“Pergamon and the Hellenistic Kingdoms of the Ancient World,” which opens on Monday, April 18, at the Metropolitan Museum is a grand scale exhibition that examines how Greek Classical art and other cultures influenced each other.
The exhibition is also a view of history through masterpieces of Ancient Greek art and other pieces. The historical person it revolves around is Alexander the Great, who was also student of Aristotle.
King Alexander spread the Hellenic spirit through the Middle East, reaching all the way to the borders of India. From there he absorbed influences and shipped back home precious objects and jewels. By the time of his death in 323 B.C., at 32, Hellenistic art, had begun to take form and would flourish for nearly three centuries.
The history of Hellenistic art is the subject of this epic collection. Bronze and marble portraits of the Great King of Macedonia are surrounded by Asian elephants, vases, silver coins and glazed plates.
Other exhibits that stand out is a marble statue of Athena, carved around 170 B.C., towering more than 13 feet tall. A two-foot-high head of Herakles is a fragment of an image that implies immensity. Both sculptures were found at Pergamon, in modern Turkey. The site was the capital of the Attalid dynasty, most famous for its frieze-covered Great Altar, one of the most dramatic of surviving Hellenistic monuments.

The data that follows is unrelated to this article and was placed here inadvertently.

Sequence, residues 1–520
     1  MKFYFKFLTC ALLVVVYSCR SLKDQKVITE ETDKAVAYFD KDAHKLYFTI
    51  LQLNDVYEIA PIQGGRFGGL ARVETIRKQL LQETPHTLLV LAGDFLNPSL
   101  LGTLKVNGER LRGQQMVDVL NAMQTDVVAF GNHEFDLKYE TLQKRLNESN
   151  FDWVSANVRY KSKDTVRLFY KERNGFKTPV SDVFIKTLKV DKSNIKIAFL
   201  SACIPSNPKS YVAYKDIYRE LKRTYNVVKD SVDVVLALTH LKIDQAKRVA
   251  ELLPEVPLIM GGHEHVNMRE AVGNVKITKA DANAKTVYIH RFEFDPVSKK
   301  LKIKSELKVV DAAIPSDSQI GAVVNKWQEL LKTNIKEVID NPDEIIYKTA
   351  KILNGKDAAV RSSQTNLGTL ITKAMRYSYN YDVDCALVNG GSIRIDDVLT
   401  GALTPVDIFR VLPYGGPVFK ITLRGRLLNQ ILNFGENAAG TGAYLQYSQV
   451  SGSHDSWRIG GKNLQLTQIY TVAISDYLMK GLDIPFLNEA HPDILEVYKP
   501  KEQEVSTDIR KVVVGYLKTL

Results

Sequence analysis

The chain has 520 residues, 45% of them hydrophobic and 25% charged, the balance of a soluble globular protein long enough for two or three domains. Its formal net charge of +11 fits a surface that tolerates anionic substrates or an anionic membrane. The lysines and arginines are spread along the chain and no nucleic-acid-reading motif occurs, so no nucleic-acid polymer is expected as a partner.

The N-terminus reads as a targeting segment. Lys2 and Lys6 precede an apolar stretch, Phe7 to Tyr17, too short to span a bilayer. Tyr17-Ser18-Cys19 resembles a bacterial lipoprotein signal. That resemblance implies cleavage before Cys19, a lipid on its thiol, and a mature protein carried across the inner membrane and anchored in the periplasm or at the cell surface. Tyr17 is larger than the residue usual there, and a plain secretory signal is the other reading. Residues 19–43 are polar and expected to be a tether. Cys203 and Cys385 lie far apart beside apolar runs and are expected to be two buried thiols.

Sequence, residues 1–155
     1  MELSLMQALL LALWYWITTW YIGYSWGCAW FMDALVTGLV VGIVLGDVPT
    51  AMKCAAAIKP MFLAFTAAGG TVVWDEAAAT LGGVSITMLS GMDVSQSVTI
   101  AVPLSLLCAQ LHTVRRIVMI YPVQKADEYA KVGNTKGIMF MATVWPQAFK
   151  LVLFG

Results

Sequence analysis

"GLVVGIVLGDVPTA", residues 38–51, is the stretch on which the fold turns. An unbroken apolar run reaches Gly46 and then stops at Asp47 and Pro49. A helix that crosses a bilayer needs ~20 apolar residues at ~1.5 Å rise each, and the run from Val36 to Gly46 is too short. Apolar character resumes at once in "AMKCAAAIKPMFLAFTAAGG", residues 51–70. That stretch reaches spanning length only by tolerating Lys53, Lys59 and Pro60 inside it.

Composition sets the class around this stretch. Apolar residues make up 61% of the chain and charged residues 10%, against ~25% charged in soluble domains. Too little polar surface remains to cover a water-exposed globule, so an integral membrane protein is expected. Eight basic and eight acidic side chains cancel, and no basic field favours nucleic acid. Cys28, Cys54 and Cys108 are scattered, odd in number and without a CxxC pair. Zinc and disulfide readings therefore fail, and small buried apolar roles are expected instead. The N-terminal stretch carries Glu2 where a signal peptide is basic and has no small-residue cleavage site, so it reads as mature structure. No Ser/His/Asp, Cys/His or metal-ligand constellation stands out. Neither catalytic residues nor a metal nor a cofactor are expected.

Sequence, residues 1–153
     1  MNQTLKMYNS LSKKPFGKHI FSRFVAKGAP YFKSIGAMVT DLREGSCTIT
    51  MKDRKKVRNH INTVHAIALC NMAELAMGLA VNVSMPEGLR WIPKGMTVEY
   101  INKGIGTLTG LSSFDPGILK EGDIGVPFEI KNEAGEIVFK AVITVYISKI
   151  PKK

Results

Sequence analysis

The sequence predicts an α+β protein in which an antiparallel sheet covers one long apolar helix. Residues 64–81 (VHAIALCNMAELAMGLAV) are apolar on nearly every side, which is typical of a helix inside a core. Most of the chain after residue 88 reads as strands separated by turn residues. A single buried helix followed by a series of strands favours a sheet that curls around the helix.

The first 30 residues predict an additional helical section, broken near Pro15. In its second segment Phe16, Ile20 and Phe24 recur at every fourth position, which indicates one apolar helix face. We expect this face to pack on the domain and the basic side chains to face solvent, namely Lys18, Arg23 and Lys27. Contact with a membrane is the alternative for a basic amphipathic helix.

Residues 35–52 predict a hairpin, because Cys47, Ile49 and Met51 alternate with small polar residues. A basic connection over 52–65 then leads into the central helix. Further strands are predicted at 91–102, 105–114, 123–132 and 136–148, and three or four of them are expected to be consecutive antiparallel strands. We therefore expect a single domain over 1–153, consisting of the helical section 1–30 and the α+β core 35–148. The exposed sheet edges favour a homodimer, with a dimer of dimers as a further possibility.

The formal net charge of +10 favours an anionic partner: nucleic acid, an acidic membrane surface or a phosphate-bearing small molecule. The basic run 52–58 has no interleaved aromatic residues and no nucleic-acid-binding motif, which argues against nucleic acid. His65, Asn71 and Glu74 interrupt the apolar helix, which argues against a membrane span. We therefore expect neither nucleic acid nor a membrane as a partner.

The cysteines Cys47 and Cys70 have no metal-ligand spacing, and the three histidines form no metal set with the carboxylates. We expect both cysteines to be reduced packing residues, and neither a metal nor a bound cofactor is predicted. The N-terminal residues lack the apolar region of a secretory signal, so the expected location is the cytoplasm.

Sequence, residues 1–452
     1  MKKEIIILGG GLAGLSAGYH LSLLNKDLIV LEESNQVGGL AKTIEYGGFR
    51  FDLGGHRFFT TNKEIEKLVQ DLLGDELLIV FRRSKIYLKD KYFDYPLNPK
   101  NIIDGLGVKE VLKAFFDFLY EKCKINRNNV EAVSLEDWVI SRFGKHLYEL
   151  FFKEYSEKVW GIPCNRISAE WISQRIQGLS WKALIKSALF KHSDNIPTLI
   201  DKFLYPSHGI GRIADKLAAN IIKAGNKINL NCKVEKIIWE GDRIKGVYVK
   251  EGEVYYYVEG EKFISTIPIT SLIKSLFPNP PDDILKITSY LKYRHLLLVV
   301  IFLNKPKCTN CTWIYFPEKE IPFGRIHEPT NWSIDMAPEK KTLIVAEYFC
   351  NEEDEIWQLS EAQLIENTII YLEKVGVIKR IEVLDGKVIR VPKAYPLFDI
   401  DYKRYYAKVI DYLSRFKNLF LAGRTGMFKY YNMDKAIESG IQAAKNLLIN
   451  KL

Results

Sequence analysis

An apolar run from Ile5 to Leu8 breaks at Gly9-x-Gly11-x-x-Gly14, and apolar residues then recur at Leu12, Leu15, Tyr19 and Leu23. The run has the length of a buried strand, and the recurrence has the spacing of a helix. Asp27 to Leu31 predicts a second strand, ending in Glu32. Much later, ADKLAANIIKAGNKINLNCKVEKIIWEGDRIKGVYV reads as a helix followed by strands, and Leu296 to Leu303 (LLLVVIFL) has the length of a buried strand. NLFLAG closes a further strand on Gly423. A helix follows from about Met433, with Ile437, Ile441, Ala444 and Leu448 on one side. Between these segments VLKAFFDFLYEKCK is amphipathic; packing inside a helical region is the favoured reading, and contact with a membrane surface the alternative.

The altar was uncovered by German archaeologists at the end of the 19th century and the reliefs are now at Pergamon Museum in Berlin, currently closed for restoration, and source for nearly one third of the 265 objects in the Met show. The sequence of high-relief panels that once lined the altar staircase depicts a mortal clash between the major Greek gods and a race of marauding giants.
Nearby is the famous sculpture, on loan from the Capitoline Museums in Rome, of “Dying Gaul,” an image of a fallen, wounded nude man, making a futile effort to rise.
“Pergamon and the Hellenistic Kingdoms of the Ancient World” opens Monday and runs through July 17 at the Metropolitan Museum of Art; 212-535-7710, metmuseum.org. The exhibition is now open to members.